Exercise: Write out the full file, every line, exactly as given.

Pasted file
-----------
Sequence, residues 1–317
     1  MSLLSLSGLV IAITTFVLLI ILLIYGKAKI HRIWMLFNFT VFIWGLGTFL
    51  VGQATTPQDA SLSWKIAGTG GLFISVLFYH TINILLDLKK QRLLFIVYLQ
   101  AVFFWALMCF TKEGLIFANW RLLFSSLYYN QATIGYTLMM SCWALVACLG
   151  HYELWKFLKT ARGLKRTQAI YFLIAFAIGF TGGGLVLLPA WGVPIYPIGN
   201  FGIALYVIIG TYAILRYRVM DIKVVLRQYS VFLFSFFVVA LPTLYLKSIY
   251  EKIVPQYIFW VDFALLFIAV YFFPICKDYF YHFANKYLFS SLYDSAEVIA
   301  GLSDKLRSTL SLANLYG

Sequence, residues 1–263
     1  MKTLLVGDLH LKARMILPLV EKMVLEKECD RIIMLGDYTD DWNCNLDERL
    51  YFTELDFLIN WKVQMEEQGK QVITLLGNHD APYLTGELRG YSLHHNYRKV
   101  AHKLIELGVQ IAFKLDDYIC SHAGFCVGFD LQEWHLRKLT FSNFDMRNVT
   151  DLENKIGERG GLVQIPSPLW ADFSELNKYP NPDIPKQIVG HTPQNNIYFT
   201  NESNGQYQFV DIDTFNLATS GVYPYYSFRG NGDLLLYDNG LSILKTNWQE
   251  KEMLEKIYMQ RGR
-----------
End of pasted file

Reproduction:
Sequence, residues 1–317
     1  MSLLSLSGLV IAITTFVLLI ILLIYGKAKI HRIWMLFNFT VFIWGLGTFL
    51  VGQATTPQDA SLSWKIAGTG GLFISVLFYH TINILLDLKK QRLLFIVYLQ
   101  AVFFWALMCF TKEGLIFANW RLLFSSLYYN QATIGYTLMM SCWALVACLG
   151  HYELWKFLKT ARGLKRTQAI YFLIAFAIGF TGGGLVLLPA WGVPIYPIGN
   201  FGIALYVIIG TYAILRYRVM DIKVVLRQYS VFLFSFFVVA LPTLYLKSIY
   251  EKIVPQYIFW VDFALLFIAV YFFPICKDYF YHFANKYLFS SLYDSAEVIA
   301  GLSDKLRSTL SLANLYG

Sequence, residues 1–263
     1  MKTLLVGDLH LKARMILPLV EKMVLEKECD RIIMLGDYTD DWNCNLDERL
    51  YFTELDFLIN WKVQMEEQGK QVITLLGNHD APYLTGELRG YSLHHNYRKV
   101  AHKLIELGVQ IAFKLDDYIC SHAGFCVGFD LQEWHLRKLT FSNFDMRNVT
   151  DLENKIGERG GLVQIPSPLW ADFSELNKYP NPDIPKQIVG HTPQNNIYFT
   201  NESNGQYQFV DIDTFNLATS GVYPYYSFRG NGDLLLYDNG LSILKTNWQE
   251  KEMLEKIYMQ RGR